Read CHAPTER V of The Hindered Hand / The Reign of the Repressionist, free online book, by Sutton E. Griggs, on

Rather Late In Life To Be Still Nameless.

On the morrow following our ride into Almaville on the passenger train, toward twilight Ensal Ellwood sat upon the front porch of his pretty little home, a sober look in his firm, kindly eyes. By his side sat his aged mother, whose sweet dark face of regular features was crowned with hair that was now white from the combined efforts of time and sorrow. Her usually placid countenance wore a look of positive alarm. She had just been a listener to a conversation between her son and Gus Martin.

Gus Martin was a Negro of brownish hue, whose high cheek bones, keen eyes, coarse black hair and erect carriage told plainly of the Indian blood in his veins. Gus was a great admirer of both Ensal and Earl Bluefield and the three had gone to the Spanish-American war together, Ensal, who was a minister, as chaplain, Gus and Earl as soldiers. These three were present at the battle of San Juan Hill, and Gus, who was himself notoriously brave, scarcely knew which to admire the more, Ensal’s searching words that inspired the men for that world-famous dash or Earl’s enthusiastic, infectious daring on the actual scene of conflict.

Gus could read and write in a fashion, but was by no means as well educated as either Ensal or Earl, his friends, and consequently looked to them largely for guidance.

Earl had made efforts to secure promotion upon the record of his services in battle, but had failed, because, according to common opinion, of the disinclination of the South to have Negro officers in the army. Gus Martin took Earl’s failure to secure promotion more to heart than did Earl himself. Gus was a follower but not a member of the church of which Ensal was pastor, and he had come to pour forth his sentiments to Ensal anent the failure of his friend Earl to be rewarded. Ordinarily the well-known tractability of the Negro seemed uppermost in him, but this evening all of his Indian hot blood seemed to come to the fore. His voice was husky with passion and his black eyes flashed defiance. He questioned the existence of God, and, begging pardon, asserted that the Gospel was the Negro’s greatest curse in that it unmanned the race. As for the United States government, he said, “The flag aint any more to me than any other dirty rag. I fit fur it. My blood run out o’ three holes on the groun’ to keep it floatin’, and whut will it do fur me? Now jes’ tell me whut?”

Ensal endeavored to show that the spirit of the national government was very correct and that the lesser governments within the government caused the weakness. He held that in the course of time the national government would mould the inner circles of government to its way of thinking.

“Excuse me, Elder; but that kind o’ talk makes me sick. You are a good Christian man, I really think; but like most cullud people you are too jam full o’ patience an’ hope. I’ll be blessed if I don’t b’lieve Job was a cullud man. I ganny, I got Indian blood in me and if they pester this kid they are goin’ to hear sump’in’ drap.”

It was to this conversation that Ensal’s mother had listened with disturbed feelings. She believed firmly in God and her only remedies for all the ills of earth were prayer and time. Therefore it ruffled her beyond measure to have a new spirit appearing in the race.

“Ensal, there isn’t any good in that Gus Martin,” said she, in earnest, tremulous tones, nodding her head in the direction of the departing Gus. “I may be dead, my son, but you will see that the devil will be to pay this side of hearing the last of him,” she continued.

Ensal did not look in his mother’s direction, but stole one of her thin worn hands and placed it between his own. He felt that his mother’s prediction with regard to Gus Martin was only too likely to be fulfilled.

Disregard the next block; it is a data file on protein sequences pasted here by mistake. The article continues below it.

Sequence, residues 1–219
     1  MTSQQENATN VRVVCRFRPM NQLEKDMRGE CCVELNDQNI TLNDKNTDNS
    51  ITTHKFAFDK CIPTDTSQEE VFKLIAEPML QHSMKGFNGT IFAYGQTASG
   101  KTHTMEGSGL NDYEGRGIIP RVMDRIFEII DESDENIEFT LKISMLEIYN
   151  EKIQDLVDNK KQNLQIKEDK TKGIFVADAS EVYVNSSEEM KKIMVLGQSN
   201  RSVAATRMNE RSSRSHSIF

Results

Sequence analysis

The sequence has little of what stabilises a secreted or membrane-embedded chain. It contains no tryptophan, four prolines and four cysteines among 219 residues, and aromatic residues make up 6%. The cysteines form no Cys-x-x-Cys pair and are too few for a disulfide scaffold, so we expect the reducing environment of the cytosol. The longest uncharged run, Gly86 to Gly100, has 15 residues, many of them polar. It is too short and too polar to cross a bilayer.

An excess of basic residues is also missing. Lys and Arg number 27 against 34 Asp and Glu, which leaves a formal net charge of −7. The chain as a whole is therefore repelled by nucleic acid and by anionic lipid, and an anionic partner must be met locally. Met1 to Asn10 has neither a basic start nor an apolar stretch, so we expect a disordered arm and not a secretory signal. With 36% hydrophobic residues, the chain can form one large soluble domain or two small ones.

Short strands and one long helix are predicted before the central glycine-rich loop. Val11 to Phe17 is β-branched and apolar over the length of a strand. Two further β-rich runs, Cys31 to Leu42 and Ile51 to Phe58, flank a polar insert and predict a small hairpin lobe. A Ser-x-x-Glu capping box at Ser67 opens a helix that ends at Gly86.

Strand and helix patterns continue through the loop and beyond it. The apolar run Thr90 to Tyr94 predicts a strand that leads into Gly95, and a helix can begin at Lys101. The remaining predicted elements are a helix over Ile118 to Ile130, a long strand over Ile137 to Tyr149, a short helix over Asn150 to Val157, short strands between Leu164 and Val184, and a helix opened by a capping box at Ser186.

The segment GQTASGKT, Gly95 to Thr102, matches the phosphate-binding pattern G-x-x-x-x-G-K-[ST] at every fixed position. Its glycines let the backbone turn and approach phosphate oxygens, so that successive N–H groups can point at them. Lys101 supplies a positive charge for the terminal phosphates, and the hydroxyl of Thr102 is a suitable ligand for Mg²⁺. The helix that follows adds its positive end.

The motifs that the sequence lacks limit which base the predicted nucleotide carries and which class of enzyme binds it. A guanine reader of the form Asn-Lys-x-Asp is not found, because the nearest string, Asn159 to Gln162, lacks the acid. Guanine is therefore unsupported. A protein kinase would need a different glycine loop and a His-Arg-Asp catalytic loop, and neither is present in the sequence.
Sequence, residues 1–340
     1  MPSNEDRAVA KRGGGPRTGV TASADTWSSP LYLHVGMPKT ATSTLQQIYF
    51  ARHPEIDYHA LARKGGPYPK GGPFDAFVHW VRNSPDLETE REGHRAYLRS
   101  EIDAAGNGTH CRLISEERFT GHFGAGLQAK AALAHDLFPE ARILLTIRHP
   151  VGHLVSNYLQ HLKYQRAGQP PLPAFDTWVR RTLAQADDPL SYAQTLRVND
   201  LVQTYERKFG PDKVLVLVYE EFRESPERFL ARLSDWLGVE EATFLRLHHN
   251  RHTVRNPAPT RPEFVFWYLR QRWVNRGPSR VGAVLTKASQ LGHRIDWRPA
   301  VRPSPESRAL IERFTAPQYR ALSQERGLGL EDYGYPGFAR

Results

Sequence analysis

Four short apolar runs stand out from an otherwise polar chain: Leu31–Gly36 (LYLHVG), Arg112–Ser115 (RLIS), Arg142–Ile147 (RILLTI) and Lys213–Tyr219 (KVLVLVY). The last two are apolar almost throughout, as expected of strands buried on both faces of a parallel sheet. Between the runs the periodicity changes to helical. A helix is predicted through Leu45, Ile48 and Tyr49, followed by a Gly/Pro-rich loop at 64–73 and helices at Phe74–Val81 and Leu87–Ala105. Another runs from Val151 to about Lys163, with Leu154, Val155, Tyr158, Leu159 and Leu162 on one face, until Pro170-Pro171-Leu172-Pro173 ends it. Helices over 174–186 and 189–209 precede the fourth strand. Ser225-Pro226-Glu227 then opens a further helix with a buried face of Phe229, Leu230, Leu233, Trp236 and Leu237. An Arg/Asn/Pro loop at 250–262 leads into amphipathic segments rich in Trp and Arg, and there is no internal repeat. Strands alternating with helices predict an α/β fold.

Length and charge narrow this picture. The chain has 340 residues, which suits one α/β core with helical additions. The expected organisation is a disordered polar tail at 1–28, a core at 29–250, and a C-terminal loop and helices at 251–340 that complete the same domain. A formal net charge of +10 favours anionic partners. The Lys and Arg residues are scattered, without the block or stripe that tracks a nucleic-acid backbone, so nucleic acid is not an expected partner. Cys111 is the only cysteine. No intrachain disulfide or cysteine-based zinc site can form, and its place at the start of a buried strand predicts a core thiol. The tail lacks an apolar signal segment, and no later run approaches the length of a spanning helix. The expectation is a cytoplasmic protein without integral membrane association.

At this juncture two young women appeared at the gate and entered. They were Foresta Crump and the young woman whom we saw taken to Foresta’s home on the preceding evening. Being informed that the stranger desired a conference with him, Ensal retired to his study, lighted the room and invited her to enter. Foresta remained upon the porch and entertained Mrs. Ellwood, with whom she was a favorite, because of her peculiarly lovable disposition and her attention to the aged.

When the young woman was seated, Ensal took a seat and looked in her direction, saying, “Consider me at your service, please.” There was an air of unnatural calm about the young woman. She now removed her hat from her head and Ensal noted that her hair was so arranged as to allow her face to fully stand as nature gave it to her, unrelieved. He also noticed that her attire was of a simple order throughout, though good taste and ample means were needed to produce the results attained by her dress. The light of the train that had told Ensal that she was beautiful, had only hinted at the attractiveness of form and feature as disclosed upon closer inspection.

The young woman seemed in no haste to begin the conversation about the matter that had brought her there, and chatted with Ensal in a desultory manner. She was studying Ensal and was affording him an opportunity to study her. Ensal had been so highly spoken of to her, and in her present state of mind she was so anxious to meet such a person as he was represented to be that she was calling into requisition all the powers of intuition of which her soul was capable.

At length an instant of quiet on the part of his visitor told Ensal that she was now to approach the matter that had given rise to her call.

“Mr. Ellwood,” began the young woman, “it sometimes happens in the course of human life that we are compelled to appeal to the faith that people have in us. Life is more or less a matter of faith anyway, but ordinarily there is some sort of buttress for our faith in surrounding circumstances. To-night, I bring not one shred of circumstance, not one bit of history from my past life, and yet I appeal to you for faith in me, absolute unquestioning faith.”

Her earnest tones and the pleading look in her beautiful eyes and the trembling of her form burned those words into Ensal’s memory: